By Paul Bawden
At the beginning of the New Year, many make New Year’s resolutions. Perhaps you have made a resolution for the New Year. I trust you are keeping your resolution.
However, keeping a New Year’s resolution is not easy. Failure usually sets in because the resolution is made in one’s self, in one’s own will power.
That’s why an article I read recently pointed out that making resolutions is not what we should be about at the beginning of the New Year. Rather, we should be resolving to do certain things.
For that to happen we should not be depending on ourselves, our own strength and wisdom, but rather we should be depending on another, gaining our strength from another who is greater than us. That’s why the biblical writ says this, “Whoever serves is to do so as one who is serving by the strength which God supplies” (I Peter 4:11).
This verse has been paraphrased this way, “Let him who resolves to do a thing or not do a thing, resolve in the strength that God supplies.”
Now I hear someone saying that such an idea takes away from one’s own independency – one’s own ability. Or one may say, I don’t need God. Actually, though, this verse reminds us that we are human with feet of clay, and we are here for a while and then gone. We need someone greater than us yet like us who can provide us strength, yet, identify with our weaknesses and really forgive our sins.
That’s why the apostle Paul wrote to the Romans, “I will not venture to speak of anything except what Christ has accomplished through me to bring the Gentiles to obedience” (15:18). As Paul carried out the tasks God had for him, he resolved to depend on the power of Christ within him.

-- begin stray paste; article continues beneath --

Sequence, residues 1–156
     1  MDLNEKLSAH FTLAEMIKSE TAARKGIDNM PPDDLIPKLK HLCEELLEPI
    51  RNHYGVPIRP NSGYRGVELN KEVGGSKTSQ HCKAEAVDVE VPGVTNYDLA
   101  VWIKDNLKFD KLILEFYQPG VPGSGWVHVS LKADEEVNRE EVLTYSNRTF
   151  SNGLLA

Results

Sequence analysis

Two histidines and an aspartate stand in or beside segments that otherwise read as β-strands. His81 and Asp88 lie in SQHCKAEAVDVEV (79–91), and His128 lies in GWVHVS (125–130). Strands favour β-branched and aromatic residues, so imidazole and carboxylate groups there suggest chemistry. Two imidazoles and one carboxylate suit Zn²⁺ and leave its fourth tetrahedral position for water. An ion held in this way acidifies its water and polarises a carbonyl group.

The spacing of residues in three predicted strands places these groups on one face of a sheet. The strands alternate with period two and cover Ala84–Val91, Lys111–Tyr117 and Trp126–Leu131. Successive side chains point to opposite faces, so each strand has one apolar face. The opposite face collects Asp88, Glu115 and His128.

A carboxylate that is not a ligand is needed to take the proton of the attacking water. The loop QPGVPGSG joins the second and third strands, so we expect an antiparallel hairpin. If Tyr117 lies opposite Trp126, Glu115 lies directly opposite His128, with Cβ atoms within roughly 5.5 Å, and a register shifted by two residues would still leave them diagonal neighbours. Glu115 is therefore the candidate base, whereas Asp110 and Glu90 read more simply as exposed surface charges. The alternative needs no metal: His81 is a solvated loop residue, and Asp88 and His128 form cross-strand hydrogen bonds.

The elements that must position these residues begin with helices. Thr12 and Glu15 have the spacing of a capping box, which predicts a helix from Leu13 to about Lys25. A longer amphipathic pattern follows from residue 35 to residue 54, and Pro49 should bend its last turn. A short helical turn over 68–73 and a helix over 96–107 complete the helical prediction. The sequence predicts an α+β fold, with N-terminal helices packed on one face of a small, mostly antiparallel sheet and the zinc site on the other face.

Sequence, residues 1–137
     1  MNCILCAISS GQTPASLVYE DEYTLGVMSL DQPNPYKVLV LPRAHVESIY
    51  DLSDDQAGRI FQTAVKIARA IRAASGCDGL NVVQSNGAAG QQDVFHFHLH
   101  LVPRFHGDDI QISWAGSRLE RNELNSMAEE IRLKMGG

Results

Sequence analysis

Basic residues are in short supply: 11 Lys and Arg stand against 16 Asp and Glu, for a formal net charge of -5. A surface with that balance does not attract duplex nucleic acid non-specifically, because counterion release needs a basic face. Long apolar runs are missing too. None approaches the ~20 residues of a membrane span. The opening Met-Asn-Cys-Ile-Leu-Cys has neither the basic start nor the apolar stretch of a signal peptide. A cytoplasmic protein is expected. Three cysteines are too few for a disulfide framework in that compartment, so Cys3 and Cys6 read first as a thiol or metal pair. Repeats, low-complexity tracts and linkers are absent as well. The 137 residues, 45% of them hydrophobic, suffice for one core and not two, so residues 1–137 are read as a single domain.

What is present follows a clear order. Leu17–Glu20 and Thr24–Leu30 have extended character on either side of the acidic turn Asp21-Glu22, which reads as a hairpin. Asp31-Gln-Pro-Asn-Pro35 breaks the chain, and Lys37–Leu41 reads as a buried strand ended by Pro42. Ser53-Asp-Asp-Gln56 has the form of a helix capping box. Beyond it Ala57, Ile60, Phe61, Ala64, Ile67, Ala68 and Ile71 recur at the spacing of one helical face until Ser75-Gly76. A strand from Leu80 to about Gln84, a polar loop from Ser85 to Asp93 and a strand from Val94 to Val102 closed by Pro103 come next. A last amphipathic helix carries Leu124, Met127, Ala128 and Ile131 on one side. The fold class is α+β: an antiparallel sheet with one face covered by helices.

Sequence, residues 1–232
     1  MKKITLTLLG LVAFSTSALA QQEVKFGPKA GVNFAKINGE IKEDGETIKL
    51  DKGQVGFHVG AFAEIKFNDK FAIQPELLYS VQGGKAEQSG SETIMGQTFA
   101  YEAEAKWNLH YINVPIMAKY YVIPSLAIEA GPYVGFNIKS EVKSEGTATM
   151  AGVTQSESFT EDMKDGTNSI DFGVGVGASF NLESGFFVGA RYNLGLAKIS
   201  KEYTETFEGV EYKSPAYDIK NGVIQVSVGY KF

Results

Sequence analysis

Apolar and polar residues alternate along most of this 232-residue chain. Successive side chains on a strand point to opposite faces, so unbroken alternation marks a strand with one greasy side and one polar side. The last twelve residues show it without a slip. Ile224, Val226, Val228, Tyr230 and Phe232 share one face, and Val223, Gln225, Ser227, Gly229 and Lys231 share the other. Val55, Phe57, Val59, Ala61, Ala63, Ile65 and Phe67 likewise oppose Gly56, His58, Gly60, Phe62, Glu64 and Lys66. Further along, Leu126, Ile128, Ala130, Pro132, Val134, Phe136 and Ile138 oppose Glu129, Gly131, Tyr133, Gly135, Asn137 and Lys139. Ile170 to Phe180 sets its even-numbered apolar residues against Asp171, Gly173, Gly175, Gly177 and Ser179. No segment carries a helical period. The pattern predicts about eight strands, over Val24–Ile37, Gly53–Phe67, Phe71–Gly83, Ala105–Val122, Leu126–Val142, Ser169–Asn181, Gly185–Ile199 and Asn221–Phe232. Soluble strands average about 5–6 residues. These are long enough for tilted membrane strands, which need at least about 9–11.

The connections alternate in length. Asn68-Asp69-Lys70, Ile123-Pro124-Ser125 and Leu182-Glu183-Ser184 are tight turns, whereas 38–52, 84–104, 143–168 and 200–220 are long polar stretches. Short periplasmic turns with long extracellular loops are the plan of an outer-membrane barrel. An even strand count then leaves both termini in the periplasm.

So, in life we have two choices. We can continue to make New Year’s resolutions in our own strength and eventually more than likely fail. Or we can acknowledge our need of God’s forgiveness and eternal life, and make the decision to place faith in Christ, who has won for us His forgiveness and eternal life through His death, burial, and bodily resurrection.
When one makes that choice, by faith to accept Christ as one’s Savior, His presence comes to reside in the life of the believer (Colossians 1:27). Relying on His inner strength, the believer doesn’t have to make resolutions of any kind, but can now resolve, in the power of Christ, to do God’s will as revealed in the Word of God, the Bible.
That’s why the Bible encourages followers of Christ to resolve to put off, in His power, such attitudes and actions as anger, wrath, malice, slander, abusive speech, lying, and evil practices. Then to resolve to put on compassion, kindness, humility, gentleness, patience, forgiving each other as the Lord forgave, and above all put on love the perfect bond of unity (Colossians 3:8-14).
Resolutions come and go. But resolving to do God’s will daily, in His power, is that which causes the believer in Christ to become more like Him each day and to have a positive and lasting effect on one’s relationships. Even if the believer sins, doesn’t resolve to do God’s will, he can ask God’s forgiveness (I John 1:9), and continue to resolve to do His will in His power.
Daily the believer can resolve to decide and act in God’s power to His glory! I trust that is your experience each day if you are a follower of Jesus Christ.
Paul Bawden is married and served in the pastoral ministry for 45 years, retiring in 2011. He graduated from the University of Wisconsin-Madison with a B.A. in Speech and attended Dallas Theological Seminary, receiving a Master of Theology. He has taken counseling courses at Trinity Evangelical Seminary in Deerfield, Illinois. Paul is a lifetime member of the Evangelical Free Church of America, as well as being a member of Interim Pastor Ministries (IPM), which serves churches during their time of transition in searching for a new pastor. He writes for Union Gospel Press, as well as being a volunteer writer for GotQuestions.org. Paul likes to write, read, bike, and work in the yard. The Bawdens have had the privilege to travel to Mexico and Romania on mission trips and visited various countries in Europe.
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